But in Qayamat Se Qayamat Tak (1988) the (lover) boy-next-door image, which was created specifically for this film, became the reference point for Aamir’s image in the future. He is the dependable guy next-door who’ll come to your rescue if your washbasin gets leaky or your child goes missing.
Jo Jeeta Wohi Sikandar (1992) gave a mainstream sanctity to sports films in Bollywood. Prior to JJWS sports films didn’t work. Much later, Aamir gave the same legitimacy to wrestling in Dangal.
The situational Tom & Jerry comedy came out of the closet with Andaz Apna Apna (1994). Aamir had a ball both on and off the sets. This one set the tone for 2-hero bantering films like Dil and Gunday.
With Lagaan (2001) Aamir broke many myths: that period films don’t work, that he wouldn’t be able to carry off a dhoti, that the West cannot be won by Bollywood. Lagaan went on to become one of the most beloved Bollywood films abroad. To this day it remains the only successful cricket-based film.
In Dil Chahta Hai (2001), during the same year as Lagaan, Aamir played a character 10 years junior to his real age. This film directed by debutant Farhan Akhtar marked the advent of the youth film. Dil chahta hai ke isska sequel bane.
Rang De Basanti (2006) remains one of India’s most influential films it created a new heightened social awareness about corruption in politics. Again Aamir played a character at least a decade younger than his real age.
Taare Zameen Par (2007) marked Aamir’s official directorial debut, and created a special space for films dealing with problems pertaining to impressionable minds. This film is a textbook on child-raring. And about the sacred guru-shishya relationship. The other side of the teacher-pupil equation seen in Whiplash.
3 Idiots (2009) re-defined the parameters of the education system. It pointed out the faults in the faculty and assumed that an individual’s destiny need not be shaped in the classroom.
In Delhi Belly (2011) producer Aamir Khan’s saluted smutty cinema. It created a special space for the sex comedy that was not there in mainstream Hindi cinema.
Raju Hirani’s PK did to organized religion what 3 Idiots did to formal education. Aamir’s cinema constantly re-defines the parameters of mainstream Bollywood entertainment. A bold fearless trendsetter is how we can define this Khan. However the performances that Aamir Khan likes are not the ones that are his best. In fact the performances which reveal him to be an actor of substance are not always noticed.
Raakh (1989), which came just before Qayamat Se Qayamat Tak, proved Aamir Khan an actor of volcanic intensity. This is a vigilante film about an angry frustrated young man named, ahem, Aamir whose girlfriend (Supriya Pathak) is gangraped on the street as he watches helplessly. The film deconstructs Aamir’s rage and constructs the character’s revenge in scenes that play themselves out like chronicles of a police confession: broken, disjointed, seething in injustice. One has never seen Aamir scale these heights of implosive indignation ever again. Basu Bhattacharya’s son Aditya who directed Raakh said Aamir was his first and only choice even though Aditya had not seen much of Aamir’s work. Gut feeling for a character who is gutted from inside.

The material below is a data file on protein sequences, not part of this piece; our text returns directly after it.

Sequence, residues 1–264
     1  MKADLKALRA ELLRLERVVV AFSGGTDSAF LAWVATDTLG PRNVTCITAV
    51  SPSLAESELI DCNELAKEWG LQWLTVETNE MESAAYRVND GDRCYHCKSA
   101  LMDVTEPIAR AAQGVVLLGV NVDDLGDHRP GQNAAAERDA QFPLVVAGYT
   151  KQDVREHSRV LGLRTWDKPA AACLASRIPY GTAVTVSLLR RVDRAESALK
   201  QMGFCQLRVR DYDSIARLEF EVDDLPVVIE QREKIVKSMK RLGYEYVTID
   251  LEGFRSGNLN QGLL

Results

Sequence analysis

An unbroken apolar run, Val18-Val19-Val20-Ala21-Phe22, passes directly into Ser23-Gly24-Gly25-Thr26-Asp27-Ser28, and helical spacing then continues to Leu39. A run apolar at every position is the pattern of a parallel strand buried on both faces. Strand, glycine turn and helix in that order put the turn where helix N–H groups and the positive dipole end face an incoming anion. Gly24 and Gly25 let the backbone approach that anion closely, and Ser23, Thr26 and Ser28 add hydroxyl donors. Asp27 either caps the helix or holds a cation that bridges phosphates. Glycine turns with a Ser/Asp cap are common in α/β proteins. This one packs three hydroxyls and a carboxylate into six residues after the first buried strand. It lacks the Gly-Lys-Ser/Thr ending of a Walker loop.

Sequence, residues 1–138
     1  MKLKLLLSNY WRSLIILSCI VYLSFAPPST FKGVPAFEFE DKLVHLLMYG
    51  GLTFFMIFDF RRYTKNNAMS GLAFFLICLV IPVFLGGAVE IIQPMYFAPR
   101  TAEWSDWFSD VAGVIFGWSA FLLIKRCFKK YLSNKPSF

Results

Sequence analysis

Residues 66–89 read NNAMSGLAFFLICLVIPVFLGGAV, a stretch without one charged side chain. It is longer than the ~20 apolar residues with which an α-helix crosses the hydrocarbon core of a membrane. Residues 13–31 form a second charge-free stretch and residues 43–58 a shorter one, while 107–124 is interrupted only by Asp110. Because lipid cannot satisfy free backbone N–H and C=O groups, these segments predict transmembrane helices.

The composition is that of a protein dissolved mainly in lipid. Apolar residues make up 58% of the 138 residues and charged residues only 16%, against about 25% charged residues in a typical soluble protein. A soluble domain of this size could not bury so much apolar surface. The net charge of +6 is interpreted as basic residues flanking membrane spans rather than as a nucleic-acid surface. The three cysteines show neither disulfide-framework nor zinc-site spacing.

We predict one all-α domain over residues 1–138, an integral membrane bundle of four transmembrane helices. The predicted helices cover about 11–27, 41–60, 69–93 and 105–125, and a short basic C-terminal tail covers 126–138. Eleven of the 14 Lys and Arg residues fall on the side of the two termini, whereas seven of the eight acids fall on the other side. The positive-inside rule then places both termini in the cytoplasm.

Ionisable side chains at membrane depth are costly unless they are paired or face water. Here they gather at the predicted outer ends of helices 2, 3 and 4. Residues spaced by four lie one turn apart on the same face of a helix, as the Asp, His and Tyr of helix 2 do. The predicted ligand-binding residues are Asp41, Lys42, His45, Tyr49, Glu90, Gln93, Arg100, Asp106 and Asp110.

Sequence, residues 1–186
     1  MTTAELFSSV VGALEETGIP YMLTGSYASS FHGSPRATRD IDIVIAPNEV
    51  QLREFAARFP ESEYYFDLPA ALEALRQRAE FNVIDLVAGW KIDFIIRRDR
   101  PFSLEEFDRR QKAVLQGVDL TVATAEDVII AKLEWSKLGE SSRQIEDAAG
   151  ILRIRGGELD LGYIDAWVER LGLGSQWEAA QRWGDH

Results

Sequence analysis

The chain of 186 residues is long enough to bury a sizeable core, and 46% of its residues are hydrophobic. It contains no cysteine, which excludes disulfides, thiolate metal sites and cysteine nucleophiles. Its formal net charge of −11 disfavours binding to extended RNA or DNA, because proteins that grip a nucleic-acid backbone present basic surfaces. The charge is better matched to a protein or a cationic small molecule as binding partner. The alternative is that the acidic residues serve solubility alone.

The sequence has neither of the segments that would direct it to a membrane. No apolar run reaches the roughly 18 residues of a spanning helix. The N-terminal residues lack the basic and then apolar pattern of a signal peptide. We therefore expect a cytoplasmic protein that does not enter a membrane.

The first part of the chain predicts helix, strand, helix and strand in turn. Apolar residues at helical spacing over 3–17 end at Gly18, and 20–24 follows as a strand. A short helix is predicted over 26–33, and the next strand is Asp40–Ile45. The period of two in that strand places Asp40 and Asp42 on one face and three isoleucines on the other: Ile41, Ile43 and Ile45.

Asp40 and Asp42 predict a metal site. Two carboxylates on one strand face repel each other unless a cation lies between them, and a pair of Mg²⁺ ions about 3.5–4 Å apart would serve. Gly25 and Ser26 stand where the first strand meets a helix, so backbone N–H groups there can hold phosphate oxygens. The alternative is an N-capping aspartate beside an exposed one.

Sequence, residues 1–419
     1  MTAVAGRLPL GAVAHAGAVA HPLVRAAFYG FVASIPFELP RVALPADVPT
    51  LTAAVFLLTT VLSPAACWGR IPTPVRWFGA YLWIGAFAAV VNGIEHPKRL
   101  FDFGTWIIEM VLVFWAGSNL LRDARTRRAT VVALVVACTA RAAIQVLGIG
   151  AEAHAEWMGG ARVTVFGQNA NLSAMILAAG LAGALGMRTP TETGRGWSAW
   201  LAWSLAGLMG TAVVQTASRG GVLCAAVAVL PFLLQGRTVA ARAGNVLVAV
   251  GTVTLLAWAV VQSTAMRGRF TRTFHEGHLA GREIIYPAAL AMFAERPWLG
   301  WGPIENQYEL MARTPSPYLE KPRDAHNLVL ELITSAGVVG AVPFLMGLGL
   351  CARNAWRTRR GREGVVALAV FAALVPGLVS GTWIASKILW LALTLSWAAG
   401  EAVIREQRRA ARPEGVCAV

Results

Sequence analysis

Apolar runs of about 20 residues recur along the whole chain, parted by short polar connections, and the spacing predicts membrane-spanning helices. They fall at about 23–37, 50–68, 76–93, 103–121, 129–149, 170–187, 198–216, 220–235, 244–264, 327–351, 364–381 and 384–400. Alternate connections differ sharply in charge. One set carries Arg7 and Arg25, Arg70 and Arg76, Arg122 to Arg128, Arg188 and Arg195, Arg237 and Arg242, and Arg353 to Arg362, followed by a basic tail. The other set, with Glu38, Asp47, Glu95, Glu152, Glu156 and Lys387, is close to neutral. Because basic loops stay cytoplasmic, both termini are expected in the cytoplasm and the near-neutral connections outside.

Aamir argued and battled with director Deepa Mehta all through the making of 1947: Earth (1998). He hated the way his character shaped up. He hated everything to do with the film. But as Dil Nawaz the icecream seller during those troubled months of Partition, who has the hots for the ayah Nandita Das, Aamir gave the most controlled performance of his career, bringing out the communalization of a perfectly sane and reasonable man during the unreasonable insanity of communal riots. More than the spoken words we saw the change from gentle soul to hardliner in Aamir’s body language and his incandescent eyes. What a performance! Deepa Mehta still thinks this is Aamir’s best performance to date.
In Ram Gopal Varma’s Rangeela (1995) as Munna (Aamir Khan) the tapori in yellow pants, knitted vests, stubborn stubble and cocky caps Aamir was totally transformed. It would be seriously wrong to call Munna a gunda. He is more the neighbourhood rowdy rathore in anything but khaki. Arguably the finest performance of Aamir’s career, Munna gave Aamir a chance to let go, to simply have fun with a part without bothering with the earlier and future history of the character. The scenes were he coaches Urmila to memorize her dialogues for her shooting the next day, show the actor’s gaze melting in unrequited love as he gets ‘in character’. Aamir actually played the all-giving Chandramukhi from Saratchandra Chatterjee’s Devdas with a sex change. He didn’t have to perform a Mujra to entertain love. The lovelorn looks when Mili isn’t looking (she has her eyes trained to a distant dream) kept Munna’s character on the level of a street-smart lover-boy without reducing him to a caricature. Munna’s hurt when Mili excitedly walks off in the middle of a lunch date to be with the superstar, was so palpable, we were inclined to shake Mili by her shoulders and point her to the obvious love that flowed out of Munna.
Says director Ram Gopal Varma, “Aamir’s character was based on a street gunda I knew in Hyderabad. When I narrated Rangeela to Aamir he immediately agreed. He is an incredibly passionate performer. Is Rangeela Aamir’s finest? I can’t say. I haven’t seen all his films. But I think he played Munna exactly the way I imagined the character.”